Monday, March 31, 2008

Amy Julia Becker and Downs Syndrome of FT On The Square

A major annoyance of mine as a Catholic science teacher is when objections to certain kinds of research or medical procedures are brushed off as unscientific. The discipline of science has no internal means to judge the morality of any given experiment or treatment. Society can and certainly should limit unethical research. Indeed we do, which is why human trials are so difficult to conduct. There are lots of hoops to jump through to make sure it's relatively safe for the subjects involved. Amy Julia Becker shares a personal example at FIRST THINGS - On the Square:

I remember how I felt two hours after my daughter Penny was born, when I first found out that she had Down syndrome. I sifted through my brain for some scrap of information about this “thing” that had just happened to our family. All I could come up with was early death and mental retardation. The doctors didn’t help much. In the hospital, we received a list of all the things that might go wrong with our baby–heart defects, leukemia, Celiac disease, developmental delays. Despite the hundreds of thousands of people with Down syndrome in America, even the medical professionals didn’t seem to know much about it.


I heard a report on NPR about a new ethics recommendation from the American College of Obstetricians and Gynecologists. ACOG has stated that doctors unwilling to provide abortions have an obligation to refer their patients to another physician who will provide the procedure. In the words of the spokesperson on NPR, “if a physician has a personal belief that deviates from evidence-based standards of care . . . they have a duty to refer patients in a timely fashion if they do not feel comfortable providing a given service.” Studies show that women who receive a prenatal diagnosis of Trisomy 21 (the technical term for Down syndrome) terminate the pregnancy 85 percent of the time. Since new medical guidelines–“evidence-based standards of care”–suggest that all women, regardless of age, be screened for Trisomy 21, it is most likely that the number of prenatal diagnoses, and the number of terminated pregnancies, will increase. In other words, evidence-based standards of care result, more often than not, in the elimination of people like my daughter from our society.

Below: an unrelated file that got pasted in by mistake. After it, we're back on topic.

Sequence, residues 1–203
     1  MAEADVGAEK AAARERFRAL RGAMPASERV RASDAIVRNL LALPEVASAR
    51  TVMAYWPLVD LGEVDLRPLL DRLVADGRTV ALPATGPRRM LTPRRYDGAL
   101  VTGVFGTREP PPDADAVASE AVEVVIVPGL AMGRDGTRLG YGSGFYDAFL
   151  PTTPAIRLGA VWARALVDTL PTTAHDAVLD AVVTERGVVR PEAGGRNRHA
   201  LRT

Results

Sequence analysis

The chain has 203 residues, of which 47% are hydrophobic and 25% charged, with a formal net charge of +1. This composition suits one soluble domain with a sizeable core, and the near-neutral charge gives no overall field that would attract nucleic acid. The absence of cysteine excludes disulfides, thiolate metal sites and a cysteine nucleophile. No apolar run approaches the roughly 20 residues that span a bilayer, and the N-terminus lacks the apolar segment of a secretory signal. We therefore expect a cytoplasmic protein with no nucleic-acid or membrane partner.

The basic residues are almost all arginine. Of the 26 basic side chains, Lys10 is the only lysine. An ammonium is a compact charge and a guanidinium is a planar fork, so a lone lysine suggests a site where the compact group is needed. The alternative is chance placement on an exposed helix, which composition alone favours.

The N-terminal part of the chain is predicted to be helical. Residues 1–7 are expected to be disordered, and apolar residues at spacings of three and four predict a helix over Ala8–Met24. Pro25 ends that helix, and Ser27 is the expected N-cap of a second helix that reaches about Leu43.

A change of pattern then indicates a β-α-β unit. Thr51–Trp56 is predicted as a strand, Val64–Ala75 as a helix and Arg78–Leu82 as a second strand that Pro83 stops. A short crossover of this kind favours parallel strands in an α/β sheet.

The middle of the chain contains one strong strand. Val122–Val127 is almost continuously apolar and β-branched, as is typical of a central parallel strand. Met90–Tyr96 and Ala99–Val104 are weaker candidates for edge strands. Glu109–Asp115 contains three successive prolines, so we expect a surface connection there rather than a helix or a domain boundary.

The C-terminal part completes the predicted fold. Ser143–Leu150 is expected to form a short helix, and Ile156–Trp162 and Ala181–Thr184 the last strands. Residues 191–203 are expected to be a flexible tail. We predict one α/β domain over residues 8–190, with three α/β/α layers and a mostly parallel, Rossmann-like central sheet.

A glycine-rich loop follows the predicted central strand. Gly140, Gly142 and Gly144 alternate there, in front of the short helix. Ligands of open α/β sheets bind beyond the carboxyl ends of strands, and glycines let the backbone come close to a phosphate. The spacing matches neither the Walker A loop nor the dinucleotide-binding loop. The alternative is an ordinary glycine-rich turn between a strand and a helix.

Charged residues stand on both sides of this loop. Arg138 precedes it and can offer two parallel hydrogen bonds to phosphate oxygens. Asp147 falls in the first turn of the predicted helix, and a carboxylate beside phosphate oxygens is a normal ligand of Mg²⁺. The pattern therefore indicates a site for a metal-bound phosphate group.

As a result, I am somewhat skeptical about the standard of care offered to these mothers. I’m also skeptical when “personal beliefs” are pitted against evidence, therefore implying that a physician who is unwilling to perform an abortion has defied (“deviated” from) the evidence. I understand that many women face unbearably difficult choices in regards to the health of their babies. Some choose to terminate pregnancies because they have been given information about the near certainty of physical abnormalities leading to their child’s early death. And yet many women choose to terminate a pregnancy based upon probabilities, fear, and misinformation.

No comments: